In February 2005, Sinclair Skinner called a press conference. He and a group of Howard University students gathered on Georgia Avenue NW, just south of New Hampshire Avenue. They stood outside a vacant building that would be the future home of Temperance Hall, which was to be a white-owned restaurant along the predominantly black commercial corridor of Georgia Avenue. A yoga studio was planned for the top floor. Most of the buildings on the block were boarded up.
The crew handed out copies of the Georgia Avenue Defender, published by the Lower Georgia Avenue Business Association. Skinner is listed as its president in the Defender’s masthead. The back page of this particular edition carried a striking political cartoon—a devil-horned caricature of Ward 1 Councilmember Jim Graham with two apparently gay boys gazing up at him (they’re referred to in the newsletter as his “preferred companions”). To the right is a black man being lynched. Across the top, it reads: “Gramzilla’s Plantation.”
Jeff Jennings, at the time a Graham aide, stopped by to check on the press conference. “This is a press event—where’s all the press?” he remembers chiding Skinner.
The ribbing finished, Jennings crossed Georgia Avenue to get to the recently completed Metro. He stopped when he heard shouting between Skinner and Taylor Chesnik, a white resident and 2001 George Washington University graduate. Chesnik had been passing out anti-Skinner fliers at the conference because he disagreed with the activist’s positions on community development. Skinner called Chesnik an outsider—a taunt to which Chesnik responded by stating his nearby address. Chesnik and Jennings remember Skinner screaming something along the lines of, “Good, now I know where you live. You better watch yourself. I’m gonna get you.”
A few months later, posters resembling the picture in the back of the Defender appeared throughout Ward 1 neighborhoods. The one that features Graham and the lynching victim—labeled a “Trouble Making Neighba”—is dated June 9, 2005, and is sponsored by BlackUSA, short for the Black U Street Association. Around that time, Skinner represented himself as BlackUSA’s executive director.
The following fall, Skinner was hired to be the field coordinator for Ward 4 Councilmember Adrian Fenty’s mayoral campaign. Upon learning of Skinner’s role in the campaign, Graham went to Fenty and asked, in effect, WTF? “What he has said to me over and over and over is that Sinclair has said he was not involved,” says Graham. “I made my point of view clear on this at the outset, and Adrian made his point of view clear. Once you go through that, there’s not much to add.”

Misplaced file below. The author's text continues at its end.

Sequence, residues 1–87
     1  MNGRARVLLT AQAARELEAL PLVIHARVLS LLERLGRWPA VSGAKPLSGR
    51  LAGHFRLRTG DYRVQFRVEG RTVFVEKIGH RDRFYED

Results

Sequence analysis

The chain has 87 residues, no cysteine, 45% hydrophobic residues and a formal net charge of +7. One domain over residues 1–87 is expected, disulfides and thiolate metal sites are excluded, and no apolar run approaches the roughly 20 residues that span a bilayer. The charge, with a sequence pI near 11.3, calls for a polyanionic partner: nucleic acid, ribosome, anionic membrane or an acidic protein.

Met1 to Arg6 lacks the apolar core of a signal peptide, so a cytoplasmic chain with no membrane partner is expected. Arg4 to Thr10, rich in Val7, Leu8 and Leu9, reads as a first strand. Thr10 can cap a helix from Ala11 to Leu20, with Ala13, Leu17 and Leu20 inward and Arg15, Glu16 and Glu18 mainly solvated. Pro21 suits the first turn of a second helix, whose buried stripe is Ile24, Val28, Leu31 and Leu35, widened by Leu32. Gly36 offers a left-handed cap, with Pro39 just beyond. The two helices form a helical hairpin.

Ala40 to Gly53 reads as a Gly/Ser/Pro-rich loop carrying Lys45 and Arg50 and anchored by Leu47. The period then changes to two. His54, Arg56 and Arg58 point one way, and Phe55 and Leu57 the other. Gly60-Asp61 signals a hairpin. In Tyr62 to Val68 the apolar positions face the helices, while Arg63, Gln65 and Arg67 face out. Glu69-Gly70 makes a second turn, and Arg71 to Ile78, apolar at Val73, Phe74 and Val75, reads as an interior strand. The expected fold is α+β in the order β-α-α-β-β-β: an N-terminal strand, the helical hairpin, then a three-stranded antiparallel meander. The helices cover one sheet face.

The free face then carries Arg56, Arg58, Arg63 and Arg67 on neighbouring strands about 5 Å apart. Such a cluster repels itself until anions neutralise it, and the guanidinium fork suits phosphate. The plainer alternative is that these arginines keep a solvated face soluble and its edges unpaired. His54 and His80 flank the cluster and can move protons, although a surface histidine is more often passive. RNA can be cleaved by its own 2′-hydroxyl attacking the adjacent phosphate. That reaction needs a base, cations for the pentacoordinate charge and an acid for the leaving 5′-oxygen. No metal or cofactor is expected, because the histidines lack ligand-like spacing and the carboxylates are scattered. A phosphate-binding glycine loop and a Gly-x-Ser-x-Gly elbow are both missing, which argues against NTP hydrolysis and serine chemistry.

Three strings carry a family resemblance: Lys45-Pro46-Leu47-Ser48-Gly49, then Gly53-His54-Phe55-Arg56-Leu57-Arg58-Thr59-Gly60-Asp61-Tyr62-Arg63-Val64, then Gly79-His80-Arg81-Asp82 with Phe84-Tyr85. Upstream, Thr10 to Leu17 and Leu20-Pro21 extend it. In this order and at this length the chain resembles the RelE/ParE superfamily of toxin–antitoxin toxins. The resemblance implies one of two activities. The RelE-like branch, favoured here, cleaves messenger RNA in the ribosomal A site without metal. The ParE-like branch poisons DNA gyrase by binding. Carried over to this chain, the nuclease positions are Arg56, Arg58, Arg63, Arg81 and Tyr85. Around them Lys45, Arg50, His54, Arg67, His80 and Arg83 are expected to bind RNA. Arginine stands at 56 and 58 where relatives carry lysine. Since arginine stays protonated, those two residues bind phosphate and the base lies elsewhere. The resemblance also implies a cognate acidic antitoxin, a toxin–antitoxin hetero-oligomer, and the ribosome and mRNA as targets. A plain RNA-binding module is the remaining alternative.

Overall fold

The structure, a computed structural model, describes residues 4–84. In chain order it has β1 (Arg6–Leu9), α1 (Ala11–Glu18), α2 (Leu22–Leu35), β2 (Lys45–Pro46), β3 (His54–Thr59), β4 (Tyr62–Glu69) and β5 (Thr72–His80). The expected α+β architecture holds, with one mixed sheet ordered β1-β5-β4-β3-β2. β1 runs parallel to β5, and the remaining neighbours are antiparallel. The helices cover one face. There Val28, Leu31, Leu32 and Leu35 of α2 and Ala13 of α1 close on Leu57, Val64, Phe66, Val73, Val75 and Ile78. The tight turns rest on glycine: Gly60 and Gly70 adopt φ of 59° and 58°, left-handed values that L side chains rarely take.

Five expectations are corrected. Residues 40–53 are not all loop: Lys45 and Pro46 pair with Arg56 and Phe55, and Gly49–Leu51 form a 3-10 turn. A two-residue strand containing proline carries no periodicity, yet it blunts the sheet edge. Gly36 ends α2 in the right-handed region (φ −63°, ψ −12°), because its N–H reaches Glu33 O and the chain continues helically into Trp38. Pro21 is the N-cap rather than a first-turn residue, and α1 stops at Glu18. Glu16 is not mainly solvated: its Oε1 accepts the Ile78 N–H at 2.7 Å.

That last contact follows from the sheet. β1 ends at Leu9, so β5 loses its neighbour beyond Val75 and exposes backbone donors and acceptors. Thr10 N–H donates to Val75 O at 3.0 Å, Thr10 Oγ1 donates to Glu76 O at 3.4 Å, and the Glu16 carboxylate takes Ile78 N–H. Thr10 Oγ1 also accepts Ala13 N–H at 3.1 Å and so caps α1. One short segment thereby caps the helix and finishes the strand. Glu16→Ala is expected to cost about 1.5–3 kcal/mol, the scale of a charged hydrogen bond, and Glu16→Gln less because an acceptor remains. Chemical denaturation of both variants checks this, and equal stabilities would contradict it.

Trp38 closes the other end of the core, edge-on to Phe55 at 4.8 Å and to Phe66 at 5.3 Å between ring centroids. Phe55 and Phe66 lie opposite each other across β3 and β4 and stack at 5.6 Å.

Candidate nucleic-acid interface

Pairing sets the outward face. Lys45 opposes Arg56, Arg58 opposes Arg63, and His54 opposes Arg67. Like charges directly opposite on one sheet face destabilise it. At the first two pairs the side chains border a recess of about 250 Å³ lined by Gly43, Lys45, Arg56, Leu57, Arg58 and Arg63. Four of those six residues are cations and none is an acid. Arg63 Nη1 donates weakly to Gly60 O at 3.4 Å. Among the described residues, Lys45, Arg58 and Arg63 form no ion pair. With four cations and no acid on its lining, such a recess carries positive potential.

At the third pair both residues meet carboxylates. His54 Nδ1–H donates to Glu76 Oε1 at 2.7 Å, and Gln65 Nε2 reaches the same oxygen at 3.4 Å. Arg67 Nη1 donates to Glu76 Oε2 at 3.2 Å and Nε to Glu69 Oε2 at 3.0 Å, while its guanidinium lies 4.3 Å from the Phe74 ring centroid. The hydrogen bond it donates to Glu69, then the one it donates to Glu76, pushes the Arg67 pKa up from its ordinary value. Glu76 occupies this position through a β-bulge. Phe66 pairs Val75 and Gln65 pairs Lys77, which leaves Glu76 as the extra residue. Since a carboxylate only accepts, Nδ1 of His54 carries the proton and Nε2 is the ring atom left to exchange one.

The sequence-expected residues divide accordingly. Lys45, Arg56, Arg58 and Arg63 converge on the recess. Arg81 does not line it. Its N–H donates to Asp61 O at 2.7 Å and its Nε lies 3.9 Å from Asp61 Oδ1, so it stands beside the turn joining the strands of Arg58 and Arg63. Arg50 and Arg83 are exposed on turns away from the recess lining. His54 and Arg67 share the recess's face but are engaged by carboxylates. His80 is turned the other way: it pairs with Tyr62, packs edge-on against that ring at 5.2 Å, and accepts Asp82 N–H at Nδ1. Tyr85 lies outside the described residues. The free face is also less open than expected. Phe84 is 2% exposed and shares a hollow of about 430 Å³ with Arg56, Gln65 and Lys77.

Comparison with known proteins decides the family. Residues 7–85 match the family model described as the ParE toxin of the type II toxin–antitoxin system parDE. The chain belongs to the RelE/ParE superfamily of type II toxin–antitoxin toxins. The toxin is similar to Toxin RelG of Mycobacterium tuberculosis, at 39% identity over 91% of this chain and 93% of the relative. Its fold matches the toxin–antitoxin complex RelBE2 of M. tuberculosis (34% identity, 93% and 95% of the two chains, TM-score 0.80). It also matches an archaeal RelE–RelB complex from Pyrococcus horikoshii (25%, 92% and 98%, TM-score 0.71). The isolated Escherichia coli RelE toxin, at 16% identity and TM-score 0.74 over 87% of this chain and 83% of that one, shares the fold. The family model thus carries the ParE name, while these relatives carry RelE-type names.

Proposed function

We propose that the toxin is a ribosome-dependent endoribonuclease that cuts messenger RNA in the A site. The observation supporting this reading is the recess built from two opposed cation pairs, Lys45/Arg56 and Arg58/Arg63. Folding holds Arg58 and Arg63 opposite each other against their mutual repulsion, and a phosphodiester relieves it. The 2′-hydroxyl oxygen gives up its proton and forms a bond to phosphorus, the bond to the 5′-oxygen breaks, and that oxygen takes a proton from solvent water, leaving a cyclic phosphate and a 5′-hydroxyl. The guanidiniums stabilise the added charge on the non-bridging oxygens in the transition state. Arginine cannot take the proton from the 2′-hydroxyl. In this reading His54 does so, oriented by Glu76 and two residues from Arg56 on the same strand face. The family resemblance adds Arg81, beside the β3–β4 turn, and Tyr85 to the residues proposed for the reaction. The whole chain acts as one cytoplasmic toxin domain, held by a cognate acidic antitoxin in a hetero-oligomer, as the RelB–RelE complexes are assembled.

Whatever concerns Graham expressed haven’t diminished Skinner’s role in the Fenty campaign. The community rabble-rouser runs the field operations for a campaign that a recent Washington Post poll positions as the prohibitive favorite in a five-candidate race in the Sept. 12 Democratic primary. His prominence has raised the prospect that Skinner may eventually occupy a high-level position in the District government.
That very prospect scares some folks who’ve watched Skinner take on gentrification from much less exalted posts. “The black people who have been here a long time know how to get along with everybody. I know a lot of people in D.C., but not many like Skinner,” says Conrad P. Smith, a black former school-board president, civil-rights attorney, and neighbor of Skinner’s. “You can’t have somebody like that in the government.”
Opinions like Smith’s have turned Skinner into one of the few issues that follow Fenty on his stoop-to-stoop outings. Chesnik has helped to supply the pressure. He and others who’ve butted heads with Skinner have lobbied Fenty to cut off the campaign aide. In 2005, Chesnik launched DumpSkinner.com, a site that has gotten some play in the press. WTOP and the Washington Post have done reports on Skinner.
A single thread emerges from the Skinner coverage—namely, that Fenty is sticking by his controversial field-operations boss. When asked about Skinner, the candidate commonly sidesteps the issue, referring to allegations against Skinner as things that happened prior to his joining the campaign.
Then he moves on to other topics. If there’s one thing the Fenty campaign is determined to do in these waning weeks of primary season, it’s to hide Skinner. When questioned about Skinner on Aug. 1, Fenty said he couldn’t remember when he hired him and wasn’t sure how often he is asked about him on the trail. Asked how and when he met Skinner, Fenty offered, “A few years ago.” He then added that he couldn’t really remember that, either. After less than a minute, he cut the interview off and asked that questions be e-mailed to him instead. Fenty, famous for rapidly returning e-mails from his BlackBerry, did not respond to the written questions.
Fenty’s staff, too, is assisting in this game of hide-the-firebrand. After getting assurances that Skinner would be available for an interview, a reporter on Aug. 1 went to the campaign office to find him. The door was locked, but Skinner was briefly seen inside. After 30 minutes, an aide came out, shut off the lights, and said that Skinner had left. Five minutes later, Skinner emerged from the darkened office, saw a reporter, and ducked back in. Fifteen minutes later, he darted into a car that had just pulled up, ignoring questions.